Solution: Crashes When Optimized

In the previous post, I described a “puzzler”. Here’s the brief version:

After testing the code (debug build), and verifying that it worked fine, I re-ran the code in an optimized build, just to make sure that I hadn’t inadvertently introduced any performance regressions.

Instant segfault. For every benchmark.

In sum – crashes when optimized:

  • Everything works fine in debug builds.
  • Complete disaster in optimized builds.

Below is a code snippet that demonstrates the problem. I had forgotten to return a value from a function (see gimme()). In unoptimized mode (as Daniel Jiménez correctly guessed), this code worked because intermediates and locals were placed on the stack. In optimized mode, they’re stashed in registers, so the pointer gets overwritten. Kudos to Tongping for tracking this bug down.

Why g++ does not generate warnings for this code without adding “-Wall” is beyond me.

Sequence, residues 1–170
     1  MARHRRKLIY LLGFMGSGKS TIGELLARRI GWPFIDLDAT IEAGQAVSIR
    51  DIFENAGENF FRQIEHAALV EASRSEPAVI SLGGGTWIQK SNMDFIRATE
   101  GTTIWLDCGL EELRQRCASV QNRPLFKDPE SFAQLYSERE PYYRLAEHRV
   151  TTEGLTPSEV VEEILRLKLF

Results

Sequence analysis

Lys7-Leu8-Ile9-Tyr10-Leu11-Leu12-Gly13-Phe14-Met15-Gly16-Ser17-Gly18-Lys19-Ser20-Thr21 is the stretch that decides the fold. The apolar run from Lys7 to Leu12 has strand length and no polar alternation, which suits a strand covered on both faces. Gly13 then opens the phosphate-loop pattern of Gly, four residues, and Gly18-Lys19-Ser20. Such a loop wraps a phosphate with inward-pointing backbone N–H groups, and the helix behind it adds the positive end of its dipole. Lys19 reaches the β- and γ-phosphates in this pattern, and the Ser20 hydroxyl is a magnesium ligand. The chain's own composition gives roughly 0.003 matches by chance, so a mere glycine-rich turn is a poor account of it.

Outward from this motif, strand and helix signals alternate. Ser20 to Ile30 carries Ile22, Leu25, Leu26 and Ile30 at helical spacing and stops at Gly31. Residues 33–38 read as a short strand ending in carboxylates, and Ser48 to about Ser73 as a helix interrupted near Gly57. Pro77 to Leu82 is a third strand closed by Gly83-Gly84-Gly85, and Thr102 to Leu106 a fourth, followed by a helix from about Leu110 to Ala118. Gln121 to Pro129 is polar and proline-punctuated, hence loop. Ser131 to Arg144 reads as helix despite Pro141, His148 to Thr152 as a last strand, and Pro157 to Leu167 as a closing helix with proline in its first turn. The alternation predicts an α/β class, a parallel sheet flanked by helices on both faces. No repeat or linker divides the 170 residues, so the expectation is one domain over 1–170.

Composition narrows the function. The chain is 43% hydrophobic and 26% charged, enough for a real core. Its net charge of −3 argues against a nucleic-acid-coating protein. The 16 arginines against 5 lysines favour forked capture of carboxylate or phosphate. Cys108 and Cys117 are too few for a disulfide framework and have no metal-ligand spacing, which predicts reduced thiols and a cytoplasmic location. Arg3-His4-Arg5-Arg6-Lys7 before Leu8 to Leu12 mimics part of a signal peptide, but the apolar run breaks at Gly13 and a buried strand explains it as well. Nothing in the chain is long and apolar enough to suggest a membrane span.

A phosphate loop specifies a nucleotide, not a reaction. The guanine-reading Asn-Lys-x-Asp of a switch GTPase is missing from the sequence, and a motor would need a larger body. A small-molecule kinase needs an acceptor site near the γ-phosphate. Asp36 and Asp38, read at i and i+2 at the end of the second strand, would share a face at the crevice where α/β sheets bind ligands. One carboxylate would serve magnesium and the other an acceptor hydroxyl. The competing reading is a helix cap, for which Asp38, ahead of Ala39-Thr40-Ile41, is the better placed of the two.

Moral? Always compile with “-Wall”…

static int x = 100;
static int * xptr = &x;

void * dat (void) {
void * p = xptr;
return p;
}


void * gimme (void) {
void * p = dat();
}


int main()
{
cout << *((int *) gimme()) << endl;
return 0;
}

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One thought on “Solution: Crashes When Optimized”

  1. Yes, GCC’s warning is less strict than it should have be.

    Try clang. 🙂

    mikeandmore% clang test.c -Wall
    test.c:13:1: warning: control reaches end of non-void function [-Wreturn-type]
    }

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